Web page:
For as long as I can remember, I have been awestruck by the natural world. Since my early days of befriending garter snakes and gray squirrels, my knowledge has expanded and my interests have matured. Generally speaking, I am intrigued and captivated by the complex relationships that animals, particularly large mammals, have with both the living and non-living elements of their environment. This interest has led me to pursue a career in wildlife biology/ecology. As human impact on the natural environment continues to increase, I find it critical that we continue to gather data about our valued wildlife resources so we can sustainably manage their populations.

What does this work entail you ask? I have had the privilege of working with such charismatic species as gray wolves, black bears, bobcats, bison and white-tailed deer. Studying these species has brought me to places like the wilds of Yellowstone National Park and the north woods of Michigan’s Upper Peninsula. To collect data on these creatures, I have employed both invasive and non-invasive methods. For example, through powerful spotting scopes I have observed and collected behavioral data on how wolves in Yellowstone National Park interact with both each other and the animals that they prey upon. Regarding black bears, I have had multiple opportunities to handle these powerful and resourceful omnivores in order place Global Positioning System radio-collars on them. These radio-collars are invaluable in uncovering how they move about the landscape and what sort of food resources they are exploiting.

In the future I hope to acquire a PhD in wildlife ecology. With a graduate degree and my background in wildlife field work, I will ensure that I have the tools to effectively understand and manage wildlife.



How do you think naturalists and scientists can use technology?

I believe technology can be useful to naturalists and scientists in two major ways. First, technology continues to revolutionize the way we collect data about wildlife. For example, as electronics become more compact and battery life increases, animal transmitters will soon be able to be easily implanted and provide spatial data at an extremely fine scale. As I touched on before, information like this can be used to more effectively manage wildlife populations. Information about an animal’s home-range, the amount of area an animal inhabits, could be useful in establishing appropriately sized preserves.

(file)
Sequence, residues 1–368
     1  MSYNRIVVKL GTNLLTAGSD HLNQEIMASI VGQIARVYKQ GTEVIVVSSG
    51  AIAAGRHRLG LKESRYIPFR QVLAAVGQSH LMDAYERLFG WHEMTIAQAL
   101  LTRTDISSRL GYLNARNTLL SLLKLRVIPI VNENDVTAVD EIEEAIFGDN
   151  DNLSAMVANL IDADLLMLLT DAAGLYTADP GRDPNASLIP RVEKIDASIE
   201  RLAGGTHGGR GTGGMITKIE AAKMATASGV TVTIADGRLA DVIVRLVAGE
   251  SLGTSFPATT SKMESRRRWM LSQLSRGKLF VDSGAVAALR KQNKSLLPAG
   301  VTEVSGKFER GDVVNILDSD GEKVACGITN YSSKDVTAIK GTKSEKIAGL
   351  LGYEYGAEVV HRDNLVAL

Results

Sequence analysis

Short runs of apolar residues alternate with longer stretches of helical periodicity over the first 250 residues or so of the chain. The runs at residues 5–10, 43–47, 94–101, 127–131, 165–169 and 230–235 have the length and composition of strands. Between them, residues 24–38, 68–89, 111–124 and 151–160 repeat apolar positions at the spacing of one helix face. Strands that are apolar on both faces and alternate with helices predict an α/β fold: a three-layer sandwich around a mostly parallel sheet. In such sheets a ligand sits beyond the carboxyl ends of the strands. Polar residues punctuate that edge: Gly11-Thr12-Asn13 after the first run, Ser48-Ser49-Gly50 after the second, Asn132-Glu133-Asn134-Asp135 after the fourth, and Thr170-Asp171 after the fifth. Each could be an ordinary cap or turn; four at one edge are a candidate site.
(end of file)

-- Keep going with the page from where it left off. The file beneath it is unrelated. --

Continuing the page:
Second, technology has enormous potential to both better connect people to the natural world and teach them in novel ways about the challenges that the global ecosystem faces. As urbanization of the human race continues, I believe people and cultures are becoming increasingly disconnected with nature. At a fundamental level, this is a problem because that disconnect erodes the value that people put on the natural world and its essential services. Technology can help alleviate this disconnect by showing people how truly amazing the natural world is in a multitude of ways. For example, through video technology like Google Glass you can transport someone from a cityscape to an alpine mountainside for a mountain goat capture or the raw wilderness of Alaska to observe and explain how brown bears fish for salmon. The applications are limitless and have the potential to inspire people to learn about and conserve the natural world.


What is your favorite…

Outdoor activity?

Mountaineering. There is no better feeling like perching atop a rocky summit after toiling for hours and gazing at the lowlands all around.

Nature-based memory from childhood?

Canoeing on the placid morning water of Big Moose Lake in Adirondack State Park, NY, with a lone loon calling through the mist.


Gray wolf. With their readily interpretable social behavior and amazing physical prowess, I can’t come to choose any other animal. It also doesn’t hurt that I have held a 116lb adult alpha male in my own two hands!


I once did a research paper on carnivorous pitcher plants, and the diversity of adaptations they had to catch their prey was astounding! I’m not a plant guy, but I was quite impressed with that group of plants.

Place to visit?

Up to this point in my life, I must say that the Andean highlands of Ecuador and the backcountry of Yellowstone National Park take the cake on this question.

When you were little, what did you want to be when you grew up?

I believe my career goals as a child fluxed about, but the most steady interest was in wildlife biology. I’d say Mr. Steve Irwin had a bit to do with that.

What motivates you to work in nature?

Everyday that I spend in the field, I am increasingly impressed with the complexity of interactions and resilience that the animals I study have. Due to these factors, my curiosity and desire to learn more only increases with time.

Current Job:

Wildlife technician for the National Park Service in Grand Teton National Park. Research will include studying the ecology of bighorn sheep, mountain goats, pronghorn antelope, and multiple bird species.

Hometown: Syracuse, NY


Science of Natural and Environmental Systems

Bachelor of Science (Dec 2011), Cornell University (Ithaca, NY)